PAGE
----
An Islamic convert and a fellow gang member were today (Monday) found guilty of imprisoning, stripping and torturing two men with an iron.

The verdict was delivered at Kingston Crown Court, where James Edwards, 22, of London Road, Croydon, and Rushdie Said, 21, of Peterborough Road, Fulham, were on trial for false imprisonment and malicious or unlawful wounding with intent of GBH.

The jury found the pair were part of a group of six or seven involved in an argument on the Cambridge Road estate on July 3, 2009.

Edwards, known as Lappa and a member of estate gang ICE, according to police, and Said were part of the gang which approached Dimitri Vernon and Liam Redknapp on the estate and asked what they had on them.

The gang also asked where they were from.

When Mr Vernon said he was from Hounslow, they were told to “get out of this area, before you get moved”.

Feeling intimidated, they left to a female friend’s flat on the estate.

When in the flat, Mr Redknapp was bragging by the window, and said: “I’ve still got my £500 on me, they didn’t do nothing. They couldn’t do nothing to me.”

His claims were heard by the group outside and a “black guy” climbed through and punched Mr Redknapp in the face, the court heard.

He fell to the floor and covered his head with his hands, at which point two more men climbed through the window and asked who had the £500.

Mr Vernon said he saw the handle of a knife on one of the men.

The men ordered Mr Vernon and Mr Redknapp to strip and they ended up with just their pants and socks on, the court was told.

Mr Redknapp said: “I heard someone say 'teach the boys a lesson'.”

They were told to lie on the bed face down and were restrained at their hands and legs - Mr Redknapp said Edwards held his arm and another man held his legs.

Mr Vernon told the court he thought he was going to die that night and never see his parents again.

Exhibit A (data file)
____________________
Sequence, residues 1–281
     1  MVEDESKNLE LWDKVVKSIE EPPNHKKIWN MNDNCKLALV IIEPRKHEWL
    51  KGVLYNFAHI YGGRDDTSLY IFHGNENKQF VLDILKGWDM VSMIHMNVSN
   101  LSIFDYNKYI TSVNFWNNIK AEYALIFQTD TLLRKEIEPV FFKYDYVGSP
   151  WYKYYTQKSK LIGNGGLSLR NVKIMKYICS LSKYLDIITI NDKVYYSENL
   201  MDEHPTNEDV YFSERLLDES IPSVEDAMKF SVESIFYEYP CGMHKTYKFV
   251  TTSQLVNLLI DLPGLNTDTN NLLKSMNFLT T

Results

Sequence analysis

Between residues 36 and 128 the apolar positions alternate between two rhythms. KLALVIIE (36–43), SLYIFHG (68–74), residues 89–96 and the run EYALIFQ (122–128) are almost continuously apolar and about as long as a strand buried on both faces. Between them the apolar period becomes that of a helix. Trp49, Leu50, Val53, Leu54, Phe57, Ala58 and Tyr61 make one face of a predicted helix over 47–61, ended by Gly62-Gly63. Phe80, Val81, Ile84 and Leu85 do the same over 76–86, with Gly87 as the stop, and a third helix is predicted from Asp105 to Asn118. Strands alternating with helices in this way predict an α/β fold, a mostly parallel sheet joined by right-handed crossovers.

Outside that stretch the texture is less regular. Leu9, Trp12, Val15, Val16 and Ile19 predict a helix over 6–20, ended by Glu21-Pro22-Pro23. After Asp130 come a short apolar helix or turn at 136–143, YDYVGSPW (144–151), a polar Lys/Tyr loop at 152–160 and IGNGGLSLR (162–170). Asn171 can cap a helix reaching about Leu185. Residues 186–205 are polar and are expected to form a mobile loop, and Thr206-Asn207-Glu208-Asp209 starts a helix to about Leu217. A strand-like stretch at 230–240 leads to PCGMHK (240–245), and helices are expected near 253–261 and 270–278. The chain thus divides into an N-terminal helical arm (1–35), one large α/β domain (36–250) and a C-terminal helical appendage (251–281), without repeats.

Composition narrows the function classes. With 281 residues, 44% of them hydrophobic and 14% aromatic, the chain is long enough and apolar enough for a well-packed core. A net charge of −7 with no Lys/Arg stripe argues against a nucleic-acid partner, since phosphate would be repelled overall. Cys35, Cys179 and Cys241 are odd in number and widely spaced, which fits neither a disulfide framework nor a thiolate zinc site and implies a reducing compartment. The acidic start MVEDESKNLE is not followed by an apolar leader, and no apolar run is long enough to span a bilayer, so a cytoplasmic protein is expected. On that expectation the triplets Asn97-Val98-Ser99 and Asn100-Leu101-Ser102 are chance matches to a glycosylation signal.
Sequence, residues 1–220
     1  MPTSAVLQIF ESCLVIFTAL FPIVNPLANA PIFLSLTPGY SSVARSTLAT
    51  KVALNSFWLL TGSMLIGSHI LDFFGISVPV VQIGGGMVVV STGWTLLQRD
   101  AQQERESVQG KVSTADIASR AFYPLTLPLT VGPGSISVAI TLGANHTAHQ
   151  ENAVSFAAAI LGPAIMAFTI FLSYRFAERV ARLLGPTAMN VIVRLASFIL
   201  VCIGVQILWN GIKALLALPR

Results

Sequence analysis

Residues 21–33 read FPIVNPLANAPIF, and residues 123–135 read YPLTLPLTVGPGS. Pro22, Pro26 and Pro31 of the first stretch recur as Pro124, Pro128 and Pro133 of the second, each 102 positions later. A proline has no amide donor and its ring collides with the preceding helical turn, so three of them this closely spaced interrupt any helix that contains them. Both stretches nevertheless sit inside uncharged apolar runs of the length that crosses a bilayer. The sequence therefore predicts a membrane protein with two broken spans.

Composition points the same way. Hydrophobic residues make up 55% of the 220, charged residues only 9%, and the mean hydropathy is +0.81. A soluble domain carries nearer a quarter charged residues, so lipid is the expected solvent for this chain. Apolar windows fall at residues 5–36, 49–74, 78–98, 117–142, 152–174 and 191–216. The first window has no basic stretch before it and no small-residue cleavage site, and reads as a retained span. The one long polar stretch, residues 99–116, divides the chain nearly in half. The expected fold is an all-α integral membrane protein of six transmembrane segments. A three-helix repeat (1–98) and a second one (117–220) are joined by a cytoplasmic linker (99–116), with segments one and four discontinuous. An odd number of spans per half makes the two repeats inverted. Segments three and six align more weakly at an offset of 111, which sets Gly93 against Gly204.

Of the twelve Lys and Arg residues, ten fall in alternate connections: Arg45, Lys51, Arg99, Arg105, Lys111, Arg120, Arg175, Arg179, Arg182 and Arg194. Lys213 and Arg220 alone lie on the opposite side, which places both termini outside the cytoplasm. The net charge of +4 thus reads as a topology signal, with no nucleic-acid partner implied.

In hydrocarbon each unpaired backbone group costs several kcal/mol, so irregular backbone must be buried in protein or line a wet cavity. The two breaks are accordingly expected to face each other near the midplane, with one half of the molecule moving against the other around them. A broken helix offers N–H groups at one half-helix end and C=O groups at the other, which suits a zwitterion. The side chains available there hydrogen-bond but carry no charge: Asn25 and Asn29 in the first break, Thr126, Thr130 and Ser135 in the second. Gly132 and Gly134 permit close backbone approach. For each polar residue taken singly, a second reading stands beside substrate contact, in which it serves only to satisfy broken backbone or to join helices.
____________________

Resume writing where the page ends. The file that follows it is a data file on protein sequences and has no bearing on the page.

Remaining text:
One of the men said to them: “You can either be shot, stabbed or ironed.”

Another man said: “Killing them is too easy.”

They were given a choice about who would be burned first and Mr Redknapp was steamed on his back a couple of times.

Mr Vernon said Mr Redknapp was screaming while an Asian guy in the room stood by laughing. He was later identified as Edwards.

Mr Vernon said: “I just knew it was going to happen to me next.”

He told the court: “I clenched my teeth and the iron was hot on my skin. I was grinding my teeth and shouting.”

When he got up he was punched in the face and Edwards asked him whether he would like the iron on his face or stomach.

Mr Vernon begged them not to, but they put it against his left cheek, the court heard.

A traumatised Mr Vernon called his mother on the way home but did not call police or seek medical attention until about 6am.

Even in hospital, he was too scared to tell the truth about his injuries but reported it a few days later, the court heard.

Mr Redknapp did not seek medical attention and Judge Nicholas Price said: “When he woke up his back had nothing on it. It was literally stuck to the carpet.”

He did not get medical help because he was on the run from the police and said he was still in pain three or four months later.

He also identified Edwards and Said and told the court he was 110 per cent sure of their identification.

Both defendants denied being at the flat. Said could not recall where he was on the night, but said he had never been to the flat, or on the Cambridge Road estate.

Edwards said he was with his brothers, marking the anniversary of his father’s death.

He told the court he then stopped for food at On the Run because his friend Musa Musa, who he was due to stay with, had not returned from clubbing.

Edwards said fingerprints found around the window of the flat were from a previous visit to the girl's flat, but failed to convince the jury.

Edwards and Said will be sentenced on May 7.